Personally I am not opposed to a new RDF syntax (the current looks a bit like it was "designed by committee" :-). But ultimately the syntax shouldn't matter all that much since I am sure everyone is hoping that most of RDF will be both read and *written* by machines (not humans).
There are echoes here of other RDF debates in which the fabled "killer app" is seen as the most important goal, rather than a quest for simplicity. However, given the slow acceptance of RDF, several developers disagreed with Lassila's viewpoint; believing syntax to be very important in this stage of RDF's development. Greg FitzPatrick observed that simple syntax contributed to the success of HTML:
HTML is also read by machines. But if HTML had been difficult to comprehend and not mnemonic it would not have started a landslide.
Bill de Hora highlighted the use of RDF in the RSS 1.0 proposal, and commented that this is a good opportunity for RDF to increase its profile:
It would be shame to miss out on the opportunity to piggyback RDF on the popularity of RSS feeds, that is, to miss piggybacking on a network amplification effect, on the assumption that there is no pressing need to adapt the syntax because tools will appear to automate serialization of RDF anyway. That's not the case for legions of people using RSS now. So at this point in time, the syntax is perhaps very important: it is after all the concrete expression of the model and is what people will have to manipulate.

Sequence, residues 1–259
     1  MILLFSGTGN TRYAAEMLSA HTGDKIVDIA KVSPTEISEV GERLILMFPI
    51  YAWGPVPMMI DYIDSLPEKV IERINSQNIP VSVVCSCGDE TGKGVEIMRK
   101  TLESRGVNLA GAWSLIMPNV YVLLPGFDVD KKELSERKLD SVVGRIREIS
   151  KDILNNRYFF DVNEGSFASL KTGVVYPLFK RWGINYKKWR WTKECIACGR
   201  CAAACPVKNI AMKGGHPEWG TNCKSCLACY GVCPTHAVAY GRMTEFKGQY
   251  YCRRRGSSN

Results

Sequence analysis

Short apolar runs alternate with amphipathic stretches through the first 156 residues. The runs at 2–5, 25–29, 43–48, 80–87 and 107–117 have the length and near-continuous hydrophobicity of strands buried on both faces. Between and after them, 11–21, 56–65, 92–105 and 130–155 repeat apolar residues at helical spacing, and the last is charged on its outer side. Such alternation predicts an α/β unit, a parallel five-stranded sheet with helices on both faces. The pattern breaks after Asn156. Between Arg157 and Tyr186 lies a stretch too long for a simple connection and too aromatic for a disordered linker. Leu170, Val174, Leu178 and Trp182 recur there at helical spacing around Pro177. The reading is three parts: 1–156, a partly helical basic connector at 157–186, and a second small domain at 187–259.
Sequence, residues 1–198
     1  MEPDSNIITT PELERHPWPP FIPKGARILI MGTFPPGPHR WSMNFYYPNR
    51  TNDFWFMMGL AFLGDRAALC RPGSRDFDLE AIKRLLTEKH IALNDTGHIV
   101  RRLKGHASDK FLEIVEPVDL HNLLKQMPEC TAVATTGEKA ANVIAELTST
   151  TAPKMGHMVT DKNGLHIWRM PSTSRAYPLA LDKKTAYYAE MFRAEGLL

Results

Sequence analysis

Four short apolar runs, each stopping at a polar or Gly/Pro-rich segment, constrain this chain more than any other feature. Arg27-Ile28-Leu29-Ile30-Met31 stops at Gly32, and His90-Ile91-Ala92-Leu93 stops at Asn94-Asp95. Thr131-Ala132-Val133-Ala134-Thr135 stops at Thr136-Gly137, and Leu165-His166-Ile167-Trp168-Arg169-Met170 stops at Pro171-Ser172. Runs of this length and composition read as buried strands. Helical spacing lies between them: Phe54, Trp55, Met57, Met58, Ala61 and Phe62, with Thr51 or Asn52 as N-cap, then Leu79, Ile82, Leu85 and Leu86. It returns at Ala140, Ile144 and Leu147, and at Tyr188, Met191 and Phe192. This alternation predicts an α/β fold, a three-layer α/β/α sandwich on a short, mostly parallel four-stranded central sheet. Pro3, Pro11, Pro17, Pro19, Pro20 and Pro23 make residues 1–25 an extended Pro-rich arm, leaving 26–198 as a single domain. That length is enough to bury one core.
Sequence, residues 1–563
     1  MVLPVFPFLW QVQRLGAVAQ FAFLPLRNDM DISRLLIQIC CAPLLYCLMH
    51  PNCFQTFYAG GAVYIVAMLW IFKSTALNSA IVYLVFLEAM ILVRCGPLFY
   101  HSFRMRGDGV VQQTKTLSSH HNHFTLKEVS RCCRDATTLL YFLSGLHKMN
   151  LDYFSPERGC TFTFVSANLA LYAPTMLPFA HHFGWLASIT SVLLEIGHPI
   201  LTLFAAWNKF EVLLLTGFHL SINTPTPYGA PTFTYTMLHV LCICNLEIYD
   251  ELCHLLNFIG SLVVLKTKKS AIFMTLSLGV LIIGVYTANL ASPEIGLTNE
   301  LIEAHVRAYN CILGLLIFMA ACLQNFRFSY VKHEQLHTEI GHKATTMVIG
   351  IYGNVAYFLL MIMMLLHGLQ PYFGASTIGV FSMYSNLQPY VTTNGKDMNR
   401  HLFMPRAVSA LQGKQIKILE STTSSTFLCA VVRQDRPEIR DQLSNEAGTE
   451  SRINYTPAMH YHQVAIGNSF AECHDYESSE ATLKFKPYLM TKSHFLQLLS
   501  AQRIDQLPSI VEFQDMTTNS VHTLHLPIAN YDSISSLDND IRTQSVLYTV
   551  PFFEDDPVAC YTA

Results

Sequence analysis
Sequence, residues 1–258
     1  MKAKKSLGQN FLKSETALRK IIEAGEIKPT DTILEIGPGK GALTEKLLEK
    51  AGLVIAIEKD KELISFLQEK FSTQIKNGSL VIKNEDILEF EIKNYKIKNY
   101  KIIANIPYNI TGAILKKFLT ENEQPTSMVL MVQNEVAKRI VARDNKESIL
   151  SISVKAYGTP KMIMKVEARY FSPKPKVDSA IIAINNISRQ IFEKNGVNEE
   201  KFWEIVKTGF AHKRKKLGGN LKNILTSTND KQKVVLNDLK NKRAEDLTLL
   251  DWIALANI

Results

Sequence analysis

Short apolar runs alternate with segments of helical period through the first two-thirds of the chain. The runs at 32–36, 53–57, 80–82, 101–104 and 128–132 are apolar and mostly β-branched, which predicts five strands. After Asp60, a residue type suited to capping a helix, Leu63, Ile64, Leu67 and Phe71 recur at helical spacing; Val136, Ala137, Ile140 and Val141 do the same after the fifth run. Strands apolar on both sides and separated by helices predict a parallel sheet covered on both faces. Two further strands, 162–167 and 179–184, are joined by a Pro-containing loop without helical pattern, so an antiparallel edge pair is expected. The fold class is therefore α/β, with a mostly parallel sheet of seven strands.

I'm less concerned about the precise syntax (once the model is invariant), than about missing a golden opportunity to seed RDF.
While it's too early to say whether RSS will its proving ground, RDF's supporters are keen to see more adoption. Dan Brickley has suggested to developers that effort should be spent on producing interoperability tests for the increasing range of available RDF parsers:
The XSLT / Semantic Web Screenscraping threads on this list have shown how we can extract RDF models from all manner of well managed XML data. There are a fair number of RDF 1.0 parsers now, and significant effort has gone into creating these. I would rather see our time go on developing interoperability tests for these to get them up to production grade, learning through doing so about any grey areas in the syntax spec.